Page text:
In this post we’ll talk about python’s types, how to use them, how they’re treated, and what we can do with typing.

This is aimed at beginners who have heard the words “Python” and “Types” but haven’t quite nailed down what they have to do with each other.

This is Part 1 of a multi-part series on Python Typing.

Python’s Native Types

The best place to start is just by listing each of the types that Python uses natively so that way we can work through examples later. As with most core-python functionality, the best place to learn more is the documentation, specifically this page.

  • Boolean – bool
  • Integer – int
  • Float – float
  • Complex
  • Iterator
  • Generator
  • List – list
  • Tuple – tuple
  • Range – range
  • String – str
  • Bytes
  • Byte Array
  • Memory View
  • Set – set
  • Frozenset – frozenset
  • Dictionary – dict
  • Context Manager
  • Modules
  • Functions
  • Methods
  • Code Objects
  • Type Objects
  • Null – None
  • Ellipses
  • NotImplemented

Whew, that’s a ton. Let’s focus on the more important ones for now.


Truth values, these can take on one of two values – True or False.


Basic numeric type, these are whole numbers.


Another numeric type, these are decimal numbers.


An ordered collection of items. These items don’t have to be the same type, and there’s no limit on the length of the
list. Lists are mutable, which we’ll talk about later.


Another ordered collection of items, which also don’t have to be the same type, and there’s also no limit on the length.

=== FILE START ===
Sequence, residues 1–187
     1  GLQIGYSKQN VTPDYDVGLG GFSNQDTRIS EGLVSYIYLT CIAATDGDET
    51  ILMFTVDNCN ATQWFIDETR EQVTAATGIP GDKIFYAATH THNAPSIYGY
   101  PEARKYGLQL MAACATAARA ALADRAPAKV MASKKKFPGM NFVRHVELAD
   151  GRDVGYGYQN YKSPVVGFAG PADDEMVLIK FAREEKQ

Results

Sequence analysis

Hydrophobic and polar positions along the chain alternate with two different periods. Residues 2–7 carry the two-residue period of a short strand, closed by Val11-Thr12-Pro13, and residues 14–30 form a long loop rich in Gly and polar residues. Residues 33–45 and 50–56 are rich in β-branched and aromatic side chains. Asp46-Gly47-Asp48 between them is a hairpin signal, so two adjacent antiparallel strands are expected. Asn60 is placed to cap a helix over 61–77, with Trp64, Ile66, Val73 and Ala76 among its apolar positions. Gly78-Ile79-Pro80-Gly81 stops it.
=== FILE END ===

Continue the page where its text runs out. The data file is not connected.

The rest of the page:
However, the big difference between lists and tuples is that tuples are not mutable.


Ranges are ordered sequences of numbers created with the range keyword.


Strings are an ordered collection of “characters”.


Sets are an unordered collection of items. These are similar to lists, but are not mutable and not ordered.


Dictionaries are mappings of Key to Value pairings. The keys can be any immutable thing, and the values can be


The Null type, the type for something that doesn’t exist is called None.


We mentioned mutability a lot, but didn’t nail down what that means. It’s a essentially just whether or not a variable
is “changeable”. For instance, with a mutable object (like a list) we can change the values in place.

However an immutable object cannot be changed.


Everything object in Python has a type, but above we went over the most basic and necessary ones.

In the next post we’ll talk about the types provided by the typing module in Python 3 and how they can be used.


  1. Pingback: Python Type Hinting – The Data Leek

  2. Pingback: The Python Typing Module – The Data Leek

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